"The consciousness of good intentions disdains ambiguity. I shall not, however, multiply professions on this head. My motives must remain in the depository of my own breast. My arguments will be open to all, and may be judged of by all. They shall at least be offered in a spirit which will not disgrace the cause of truth."
-'Publius' The Federalist No. 1
The credence of argument is swept away by the condescending nature in which the information of this editorial is presented. Particularly, the quote,
"Intelligent design" boils down to the claim sarcastically summed up by aerospace engineer and science consultant Rand Simberg on his blog, Transterrestrial Musings: "I'm not smart enough to figure out how this structure could evolve, therefore there must have been a designer." Simberg, a political conservative, concludes that this argument "doesn't belong in a science classroom, except as an example of what's not science."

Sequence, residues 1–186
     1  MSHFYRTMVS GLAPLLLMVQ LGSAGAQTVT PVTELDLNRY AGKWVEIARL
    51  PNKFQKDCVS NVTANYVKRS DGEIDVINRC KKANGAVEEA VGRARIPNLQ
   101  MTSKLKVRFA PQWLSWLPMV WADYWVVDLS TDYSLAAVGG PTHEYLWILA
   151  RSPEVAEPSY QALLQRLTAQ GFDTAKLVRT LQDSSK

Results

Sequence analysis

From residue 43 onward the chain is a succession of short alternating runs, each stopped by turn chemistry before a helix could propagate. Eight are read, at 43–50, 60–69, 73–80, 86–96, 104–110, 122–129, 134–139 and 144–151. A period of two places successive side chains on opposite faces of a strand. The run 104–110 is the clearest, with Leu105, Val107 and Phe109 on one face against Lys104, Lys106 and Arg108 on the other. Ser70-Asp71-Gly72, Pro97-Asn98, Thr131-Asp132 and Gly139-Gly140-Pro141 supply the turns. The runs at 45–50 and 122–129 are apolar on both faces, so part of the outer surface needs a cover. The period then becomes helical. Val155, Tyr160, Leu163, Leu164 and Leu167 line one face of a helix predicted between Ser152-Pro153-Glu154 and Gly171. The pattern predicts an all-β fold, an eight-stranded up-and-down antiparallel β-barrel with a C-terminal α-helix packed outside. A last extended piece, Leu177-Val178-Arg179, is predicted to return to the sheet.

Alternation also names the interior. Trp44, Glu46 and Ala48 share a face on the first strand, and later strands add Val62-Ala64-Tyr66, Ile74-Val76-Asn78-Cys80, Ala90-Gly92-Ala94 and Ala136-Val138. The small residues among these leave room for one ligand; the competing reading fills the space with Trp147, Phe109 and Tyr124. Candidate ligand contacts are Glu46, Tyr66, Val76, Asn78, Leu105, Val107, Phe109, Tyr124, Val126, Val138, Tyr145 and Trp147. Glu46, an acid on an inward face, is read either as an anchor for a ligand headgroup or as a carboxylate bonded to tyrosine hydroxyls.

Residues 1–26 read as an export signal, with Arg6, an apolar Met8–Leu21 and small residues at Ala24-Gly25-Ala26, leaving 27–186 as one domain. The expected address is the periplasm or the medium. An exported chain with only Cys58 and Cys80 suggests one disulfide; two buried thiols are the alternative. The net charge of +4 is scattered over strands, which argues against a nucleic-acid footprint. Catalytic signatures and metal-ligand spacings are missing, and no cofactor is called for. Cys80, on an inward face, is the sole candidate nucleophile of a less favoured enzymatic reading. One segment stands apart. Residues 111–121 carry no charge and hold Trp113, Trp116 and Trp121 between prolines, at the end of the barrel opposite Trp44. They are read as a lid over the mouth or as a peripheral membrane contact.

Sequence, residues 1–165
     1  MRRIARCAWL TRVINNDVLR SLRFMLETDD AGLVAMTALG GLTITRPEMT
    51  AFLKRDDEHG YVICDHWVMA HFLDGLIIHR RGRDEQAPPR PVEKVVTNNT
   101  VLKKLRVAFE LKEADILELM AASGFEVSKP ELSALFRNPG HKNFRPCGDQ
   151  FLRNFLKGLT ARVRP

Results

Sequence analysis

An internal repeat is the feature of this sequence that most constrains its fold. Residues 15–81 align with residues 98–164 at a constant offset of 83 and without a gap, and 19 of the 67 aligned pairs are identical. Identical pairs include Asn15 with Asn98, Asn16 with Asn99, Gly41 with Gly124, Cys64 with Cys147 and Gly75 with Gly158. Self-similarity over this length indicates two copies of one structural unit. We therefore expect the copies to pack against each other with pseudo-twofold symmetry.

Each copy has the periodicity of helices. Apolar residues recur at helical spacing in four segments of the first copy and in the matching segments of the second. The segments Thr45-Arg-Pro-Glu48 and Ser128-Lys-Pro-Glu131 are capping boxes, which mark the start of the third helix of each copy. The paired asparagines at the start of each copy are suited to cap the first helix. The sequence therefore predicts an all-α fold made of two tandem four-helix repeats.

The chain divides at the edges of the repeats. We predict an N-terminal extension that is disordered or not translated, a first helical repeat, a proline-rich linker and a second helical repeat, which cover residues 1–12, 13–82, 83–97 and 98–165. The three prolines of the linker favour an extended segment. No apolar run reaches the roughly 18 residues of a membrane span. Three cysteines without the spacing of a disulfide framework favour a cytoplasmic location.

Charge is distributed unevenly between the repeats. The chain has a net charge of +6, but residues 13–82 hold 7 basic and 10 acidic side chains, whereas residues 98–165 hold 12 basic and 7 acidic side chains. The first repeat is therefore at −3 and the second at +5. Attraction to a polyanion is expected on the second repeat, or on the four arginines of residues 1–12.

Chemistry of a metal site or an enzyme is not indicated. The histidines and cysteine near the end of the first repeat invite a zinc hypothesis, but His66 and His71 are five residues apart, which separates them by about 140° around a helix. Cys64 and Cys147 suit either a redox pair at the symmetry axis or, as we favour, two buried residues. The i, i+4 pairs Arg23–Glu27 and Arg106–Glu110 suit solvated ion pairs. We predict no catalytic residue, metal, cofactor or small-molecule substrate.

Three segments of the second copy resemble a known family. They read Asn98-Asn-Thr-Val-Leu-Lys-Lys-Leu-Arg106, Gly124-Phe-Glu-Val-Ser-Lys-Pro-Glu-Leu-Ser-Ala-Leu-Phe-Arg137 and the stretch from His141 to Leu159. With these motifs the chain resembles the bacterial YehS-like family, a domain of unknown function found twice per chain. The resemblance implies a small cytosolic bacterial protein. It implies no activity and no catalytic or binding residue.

Included, though, in this debate is an interesting twist that is not discussed frequently. This assertion being that the theory of evolution falls in line with conservative ideology more than it does with liberal ideology. This is one of the 'choice' issues that always seems to revolve around the merit of the argument before the 'choice' can be proffered. Herein, the statement:
"A scientific hypothesis must be testable meaning that, if it is wrong, there should be a way to disprove it. (That's why assertions that there is no conclusive proof of evolution are basically pointless.) "
But, should this not be reciprocal. All the 'Intelligent Design' movement is asking for is a 'fair' seat at the table. More individual scholars and scientists believe in ID, it is assumed that they by and far believe in evolution. Should this not be reciprocated in what we put forth in our curriculums? No one is stating that everyone must believe the dogma, we are just heretics to the evolutionary doctrine.